The Health Research Board - Trials Methodology Research Network (HRB-TMRN ), based in the School of Nursing and Midwifery at NUI Galway has launched The People’s Trial, which challenges the public to get involved in creating, designing, and running their very own fun clinical trial.
The initiative is one of the first of its kind in Ireland to establish an online virtual clinical trial platform and to fully engage with the public at every step of the trial process, from question selection, to recruitment, to data analysis, and beyond. For the first time, a fun clinical trial will be fully dependent on the public for its success, not just as study participants, but as trialists creating the trial at each step, deciding the trial question, selecting the outcomes and how they will be measured, and sharing the findings.
The overall aim of this study is to help create a greater understanding of the clinical trial process, so that the public can be better informed as to why we need clinical trials and also how they can be used to answer a question.
While randomised trials are expensive, time-consuming studies to plan and carry out, they are considered the gold standard of how to evaluate healthcare interventions. An intervention is anything that aims to make a change to someone’s health for the better. For example, providing a counselling service, prescribing a drug, or giving people information and training, are all described as interventions. The decision about which group a person joins in a randomised trial is at random, which means that a person is put into one of the intervention groups by chance.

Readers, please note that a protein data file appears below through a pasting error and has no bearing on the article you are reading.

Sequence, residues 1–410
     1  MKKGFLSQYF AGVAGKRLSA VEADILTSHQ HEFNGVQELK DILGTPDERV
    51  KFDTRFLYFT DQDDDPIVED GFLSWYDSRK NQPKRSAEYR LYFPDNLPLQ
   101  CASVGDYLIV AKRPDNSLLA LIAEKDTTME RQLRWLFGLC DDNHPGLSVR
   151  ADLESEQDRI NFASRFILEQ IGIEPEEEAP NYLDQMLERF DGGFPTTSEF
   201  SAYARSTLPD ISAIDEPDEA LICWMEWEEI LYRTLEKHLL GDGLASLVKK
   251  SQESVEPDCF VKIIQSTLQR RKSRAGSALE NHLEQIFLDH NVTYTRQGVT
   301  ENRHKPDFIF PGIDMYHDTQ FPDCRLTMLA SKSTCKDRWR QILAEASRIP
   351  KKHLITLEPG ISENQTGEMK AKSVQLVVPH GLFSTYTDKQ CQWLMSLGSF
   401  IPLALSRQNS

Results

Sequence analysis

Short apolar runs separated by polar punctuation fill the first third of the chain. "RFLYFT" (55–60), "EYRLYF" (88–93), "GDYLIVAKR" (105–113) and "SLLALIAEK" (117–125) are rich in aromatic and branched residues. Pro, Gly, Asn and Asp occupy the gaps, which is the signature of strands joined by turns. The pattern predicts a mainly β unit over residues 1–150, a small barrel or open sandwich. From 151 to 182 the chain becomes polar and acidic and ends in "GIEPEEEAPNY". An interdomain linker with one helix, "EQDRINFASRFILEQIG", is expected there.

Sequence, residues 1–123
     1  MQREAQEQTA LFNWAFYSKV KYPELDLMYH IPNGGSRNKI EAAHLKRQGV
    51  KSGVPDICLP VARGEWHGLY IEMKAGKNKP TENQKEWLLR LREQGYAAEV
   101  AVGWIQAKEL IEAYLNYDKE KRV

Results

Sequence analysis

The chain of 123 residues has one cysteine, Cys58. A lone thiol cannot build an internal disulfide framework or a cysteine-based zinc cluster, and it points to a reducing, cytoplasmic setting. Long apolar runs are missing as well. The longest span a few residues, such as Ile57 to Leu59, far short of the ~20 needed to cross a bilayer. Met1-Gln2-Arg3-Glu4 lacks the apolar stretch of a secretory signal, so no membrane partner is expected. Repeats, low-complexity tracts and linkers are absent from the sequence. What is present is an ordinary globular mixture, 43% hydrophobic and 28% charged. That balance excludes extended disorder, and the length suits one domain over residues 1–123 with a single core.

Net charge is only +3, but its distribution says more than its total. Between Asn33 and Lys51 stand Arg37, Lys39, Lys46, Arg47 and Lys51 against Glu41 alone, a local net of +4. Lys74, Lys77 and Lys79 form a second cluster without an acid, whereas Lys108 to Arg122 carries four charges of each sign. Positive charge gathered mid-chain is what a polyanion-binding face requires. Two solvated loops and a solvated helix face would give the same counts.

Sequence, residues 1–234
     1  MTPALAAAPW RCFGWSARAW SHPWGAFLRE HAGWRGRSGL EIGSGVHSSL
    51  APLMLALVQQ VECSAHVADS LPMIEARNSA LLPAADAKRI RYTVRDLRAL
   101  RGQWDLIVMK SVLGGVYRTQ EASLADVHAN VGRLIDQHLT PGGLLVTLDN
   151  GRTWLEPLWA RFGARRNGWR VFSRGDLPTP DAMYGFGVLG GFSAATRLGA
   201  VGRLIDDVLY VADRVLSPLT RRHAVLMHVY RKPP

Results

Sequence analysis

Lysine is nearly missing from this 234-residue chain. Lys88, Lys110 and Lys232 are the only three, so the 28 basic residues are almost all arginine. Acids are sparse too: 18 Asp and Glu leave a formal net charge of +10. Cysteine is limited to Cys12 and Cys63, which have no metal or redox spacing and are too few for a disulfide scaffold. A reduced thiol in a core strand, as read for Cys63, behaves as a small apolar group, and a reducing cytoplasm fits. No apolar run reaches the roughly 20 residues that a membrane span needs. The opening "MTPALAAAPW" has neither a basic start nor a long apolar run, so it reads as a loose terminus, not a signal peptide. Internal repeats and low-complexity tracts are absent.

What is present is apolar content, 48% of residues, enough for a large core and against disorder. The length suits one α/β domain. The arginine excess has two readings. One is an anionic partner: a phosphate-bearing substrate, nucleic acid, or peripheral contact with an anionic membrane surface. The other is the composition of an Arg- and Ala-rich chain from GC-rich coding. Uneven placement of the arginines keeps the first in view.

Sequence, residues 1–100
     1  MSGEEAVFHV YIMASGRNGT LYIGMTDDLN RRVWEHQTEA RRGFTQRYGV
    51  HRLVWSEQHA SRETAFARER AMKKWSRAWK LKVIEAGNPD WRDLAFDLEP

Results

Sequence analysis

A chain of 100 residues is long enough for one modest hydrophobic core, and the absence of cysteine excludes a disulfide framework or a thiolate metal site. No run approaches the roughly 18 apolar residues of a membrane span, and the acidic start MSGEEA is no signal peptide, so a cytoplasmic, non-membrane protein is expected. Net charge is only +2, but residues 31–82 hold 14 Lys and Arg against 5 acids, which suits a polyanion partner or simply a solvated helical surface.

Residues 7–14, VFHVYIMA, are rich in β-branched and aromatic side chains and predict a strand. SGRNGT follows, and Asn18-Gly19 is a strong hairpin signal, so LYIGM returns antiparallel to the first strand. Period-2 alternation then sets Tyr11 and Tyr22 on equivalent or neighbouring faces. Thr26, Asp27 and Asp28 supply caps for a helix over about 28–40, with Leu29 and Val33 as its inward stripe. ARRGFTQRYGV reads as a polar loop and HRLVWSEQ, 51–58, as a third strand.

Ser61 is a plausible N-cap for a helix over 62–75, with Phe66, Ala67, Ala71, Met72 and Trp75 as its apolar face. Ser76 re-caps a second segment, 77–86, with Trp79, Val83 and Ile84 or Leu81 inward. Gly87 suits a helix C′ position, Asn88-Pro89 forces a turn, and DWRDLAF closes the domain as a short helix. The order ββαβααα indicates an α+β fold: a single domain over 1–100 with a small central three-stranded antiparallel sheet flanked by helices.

Professor Declan Devane, scientific director of HRB-TMRN at NUI Galway, said: “In a world where the public are bombarded through multiple mediums with differing health choices and claims, we feel it is important that members of the public have the skills to consider the validity of these claims. This is how randomised trials become really important.”
The study is funded by the Health Research Board under the Knowledge Exchange and Dissemination Scheme Award.